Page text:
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Aviation crisis hits Saudi students, teachers
Many passengers have expressed concern whether they will be able to make it to work, school and university on time because of the volcanic ash which has paralyzed airports across Europe.
April 18, 2010 12:06 by Ben Flanagan
Several thousand passengers wanting to travel from or to Saudi Arabia were unable to fly for a third day due to canceled flights as a plume of volcanic ash continued its drift across Europe from Iceland.
Many passengers have expressed concern whether they will be able to make it to work, school and university on time because of the ash which has paralyzed airports across Europe.
International British schools in the Kingdom are scheduled to resume school after the spring break. However, many of their teachers have been unable to return due to the flight delays.
The British International School of Jeddah said that they are missing 14 staff members who were scheduled to return a day or two before classes, but are stuck in the UK and other European countries. Jeddah Prep and Grammar School (JPGS) is also waiting for 10 teachers to come back to school, said a source.
The Air France office in Jeddah said that all of the airline’s flights operating from Jeddah and Riyadh have been delayed. The French Civil Aviation Authorities have also ordered the closure of the Paris-Charles de Gaulle and Paris-Orly airports.
Robert Lickley, BMI’s country manager, said on Saturday that all of the airline’s flights from the Kingdom had been canceled. “We are getting all available updates from NATS. We are in the process of phoning all the passengers who left contact details just to inform them and will contact them on Sunday to let them know what is happening.” Lickley said that BMI was looking at the backlog of passengers and attempting to clear the flights over the next week. “Passengers will be carried according to the load on the day,” he said. Some passengers would drop out as business conferences and appointments either passed or were rescheduled leaving gaps in seats on a daily basis.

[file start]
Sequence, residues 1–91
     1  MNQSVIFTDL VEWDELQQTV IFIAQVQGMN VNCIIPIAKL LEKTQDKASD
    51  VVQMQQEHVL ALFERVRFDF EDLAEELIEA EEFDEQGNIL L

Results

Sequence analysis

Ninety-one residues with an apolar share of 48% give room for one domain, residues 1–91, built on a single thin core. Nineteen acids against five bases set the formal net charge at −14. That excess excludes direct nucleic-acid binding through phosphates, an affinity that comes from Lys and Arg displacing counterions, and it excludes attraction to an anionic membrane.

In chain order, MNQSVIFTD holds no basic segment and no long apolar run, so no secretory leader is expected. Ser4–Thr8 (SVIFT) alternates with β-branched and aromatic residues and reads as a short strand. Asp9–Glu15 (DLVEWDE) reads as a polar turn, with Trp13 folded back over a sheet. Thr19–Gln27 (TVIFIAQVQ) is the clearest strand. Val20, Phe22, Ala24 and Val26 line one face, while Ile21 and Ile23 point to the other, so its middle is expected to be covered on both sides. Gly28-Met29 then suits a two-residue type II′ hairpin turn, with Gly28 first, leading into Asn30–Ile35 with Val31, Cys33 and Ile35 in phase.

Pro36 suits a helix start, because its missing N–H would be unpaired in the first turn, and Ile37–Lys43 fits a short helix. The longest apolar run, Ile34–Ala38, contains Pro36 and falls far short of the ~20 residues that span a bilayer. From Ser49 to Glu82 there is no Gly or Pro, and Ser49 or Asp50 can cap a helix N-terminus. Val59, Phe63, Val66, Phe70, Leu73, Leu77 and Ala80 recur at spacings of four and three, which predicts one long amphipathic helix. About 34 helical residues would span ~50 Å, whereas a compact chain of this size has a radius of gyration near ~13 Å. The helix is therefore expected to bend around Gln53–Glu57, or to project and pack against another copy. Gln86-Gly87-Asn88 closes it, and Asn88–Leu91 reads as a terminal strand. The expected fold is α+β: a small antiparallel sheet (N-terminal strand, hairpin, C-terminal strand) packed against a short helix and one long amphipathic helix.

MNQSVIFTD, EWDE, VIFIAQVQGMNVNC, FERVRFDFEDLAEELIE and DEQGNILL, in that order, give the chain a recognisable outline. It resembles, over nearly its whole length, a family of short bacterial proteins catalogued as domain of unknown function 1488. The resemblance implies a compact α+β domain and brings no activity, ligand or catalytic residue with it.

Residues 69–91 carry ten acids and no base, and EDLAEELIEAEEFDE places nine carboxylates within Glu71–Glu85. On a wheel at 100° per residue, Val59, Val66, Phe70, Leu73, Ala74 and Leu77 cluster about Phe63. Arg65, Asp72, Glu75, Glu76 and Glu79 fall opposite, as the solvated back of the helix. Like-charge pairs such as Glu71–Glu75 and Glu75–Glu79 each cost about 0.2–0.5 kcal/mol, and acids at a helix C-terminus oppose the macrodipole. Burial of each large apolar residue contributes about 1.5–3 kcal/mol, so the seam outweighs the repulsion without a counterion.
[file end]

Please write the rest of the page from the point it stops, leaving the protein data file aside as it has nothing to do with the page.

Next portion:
“Wherever the flights are booked and ticketed, the passengers are safe,” he said. “Wherever we have seats, we will try to get people on, but there is no guarantee when that will be.”
Lickley confirmed that a BMI aircraft was in Saudi Arabia and would leave as soon as the first flight to the UK was cleared. He was at pains to reassure passengers about booking arrangements and said that travel agents were under standing instructions from BMI about cancellations of flights. Quoting the book, he said: “If your customer has been affected by a canceled flight, a full refund will be given. Alternatively you may rebook your customer within two weeks to travel within four weeks subject to availability.”
Saudi students who are studying in the UK and had returned to the Kingdom for the Easter break are scheduled to resume their studies on April 19. Many of them are worried at how possible further delays will affect their studies.
Noura Al-Saad, a 22-year-old who is studying in the UK, was supposed to return on April 16 but was stuck for three hours inside an airplane until her airline announced the delay. “I have an exam on Monday and wanted to study two days before my test,” she said. “Now, I’m worried about missing the exam. I hope my university understands the situation and reschedules it in case I miss it,” she added.
Nawaf Ali, a 20-year-old university student in London, said he is happy his flight has been delayed as it gives him more time to spend with his family in Jeddah.
“I’m actually glad that my flight has been delayed. I don’t know when I will return to London even though my classes begin on Monday. I hope my instructors don’t count me absent or else I risk losing credits,” he said.
Mohammed A., who asked his last name is not published, attends a university in Paris. His flight was canceled while at the airport. “I thought that the ashes would be gone by night but I’m unfortunately still stuck here,” he said, adding that there will be more chaos when flights resume.